Archive for January through June 2012


date  June 30, 2012.

Thought for the Day:

If we build rail we would find that we are wedded to rail forever no matter how high the subsidies climb and how low the ridership gets. We will not be able to get out from under it. That is because, a) we would not be able to sell it unless we were to guarantee the buyer’s future losses plus some profit to make it worth their while. We could not just tear it down because a) it would be an expensive process, and b) we would be legally required to return all the federal funding back to the federal government.


Build it and they will come (by car?):

Houston opened its rail line on January 1, 2004 having had combined public transportation ridership (excluding Handi-Van type) in 2003 of 91.4 million prior to opening. The last annual data we have is 2011 and combined public transportation ridership was 79.9 million — a decline of 12.5 percent while enjoying a 7.5 percent increase in population 2000-2010. You can check these data for ridership and population yourself.


Civil Beat wins the SPJ Award for (bias?):

Civil Beat yesterday won an award from the Society of Professional Journalists for best editorial titled, “Did City Mislead Public About Rail's Impact on Congestion?

That is laughable; it was the most biased editorial ever to appear in Hawai‘i on the rail issue. In this editorial Civil Beat concludes the following,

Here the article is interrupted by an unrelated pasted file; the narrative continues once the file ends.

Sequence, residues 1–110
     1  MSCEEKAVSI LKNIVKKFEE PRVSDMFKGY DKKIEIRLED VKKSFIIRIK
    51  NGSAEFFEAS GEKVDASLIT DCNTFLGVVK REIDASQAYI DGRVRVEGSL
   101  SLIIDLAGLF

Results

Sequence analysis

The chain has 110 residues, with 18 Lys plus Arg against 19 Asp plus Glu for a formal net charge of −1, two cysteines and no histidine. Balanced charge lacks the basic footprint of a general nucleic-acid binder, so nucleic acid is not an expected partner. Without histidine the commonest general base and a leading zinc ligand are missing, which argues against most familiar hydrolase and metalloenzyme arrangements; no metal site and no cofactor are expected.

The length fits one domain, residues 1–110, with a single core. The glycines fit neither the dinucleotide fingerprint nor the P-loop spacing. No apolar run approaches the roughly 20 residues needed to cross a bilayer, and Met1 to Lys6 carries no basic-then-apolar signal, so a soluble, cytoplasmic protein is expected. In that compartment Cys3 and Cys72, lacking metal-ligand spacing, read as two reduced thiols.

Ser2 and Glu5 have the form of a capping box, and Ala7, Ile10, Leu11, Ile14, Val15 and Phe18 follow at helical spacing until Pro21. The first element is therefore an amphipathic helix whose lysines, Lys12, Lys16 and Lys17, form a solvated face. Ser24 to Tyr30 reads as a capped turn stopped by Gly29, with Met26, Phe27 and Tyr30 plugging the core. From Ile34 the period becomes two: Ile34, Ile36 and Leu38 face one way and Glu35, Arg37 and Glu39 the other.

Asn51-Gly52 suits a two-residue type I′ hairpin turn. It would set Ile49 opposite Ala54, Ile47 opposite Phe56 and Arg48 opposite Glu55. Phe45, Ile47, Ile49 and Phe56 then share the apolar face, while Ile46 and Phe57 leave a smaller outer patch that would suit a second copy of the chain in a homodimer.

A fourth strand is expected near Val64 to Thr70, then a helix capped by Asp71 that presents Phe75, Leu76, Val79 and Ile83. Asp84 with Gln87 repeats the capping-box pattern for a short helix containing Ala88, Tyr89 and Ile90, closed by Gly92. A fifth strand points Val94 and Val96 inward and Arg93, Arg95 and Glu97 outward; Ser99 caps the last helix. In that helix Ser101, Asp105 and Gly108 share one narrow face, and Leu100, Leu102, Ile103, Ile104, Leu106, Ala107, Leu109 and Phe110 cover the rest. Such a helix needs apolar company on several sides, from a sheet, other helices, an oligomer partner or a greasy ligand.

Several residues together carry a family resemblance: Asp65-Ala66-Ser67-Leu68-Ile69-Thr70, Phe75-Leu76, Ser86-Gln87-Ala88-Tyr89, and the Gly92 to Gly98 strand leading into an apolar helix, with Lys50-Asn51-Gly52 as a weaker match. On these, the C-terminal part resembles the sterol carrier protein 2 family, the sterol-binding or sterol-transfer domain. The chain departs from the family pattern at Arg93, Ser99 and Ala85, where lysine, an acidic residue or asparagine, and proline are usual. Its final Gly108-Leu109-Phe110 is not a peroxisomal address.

“But did the city's leaders make the case for rail as the best way to lower congestion from today's levels? Actually, no.”

Civil Beat correctly says that we argue that the city has created the false impression that rail will reduce the current level of traffic congestion. They then go on to say that the City never said traffic would improve from current levels.

But we did not say that. As the editorial itself says, “They argued that the city has created the false impression that rail will reduce the current level of traffic congestion,”

City officials talked about relieving traffic and reducing traffic congestion without once mentioning that the result of all the spending is that traffic would get worse.

Civil Beat omits to mention that when we had written in 2008 that, “future traffic congestion will be worse with rail than it is today,” City Transportation Director Wayne Yoshioka accused us first of lying about, later misrepresenting, the traffic situation. He called it, “a cleverly crafted statement that knowingly uses only part of the information available.” He would later use our words almost exactly to describe future traffic in the Final EIS.

Civil Beat ignores the 2008 Mayoral debate when Professor Prevedouros pressed Mayor Hannemann for a yes or no answer on the subject and Hannemann refused to answer him and danced all over the place to avoid discussing worsening traffic congestion.

Civil Beat also ignores our futile efforts to get even one City official to admit in public that traffic congestion would get worse until the statement they buried in the 2010 Final EIS, Appendix A, page 1252 of 3222 pages.

The voters inferred from these official actions and statements that rail would improve traffic congestion from today's intolerable levels.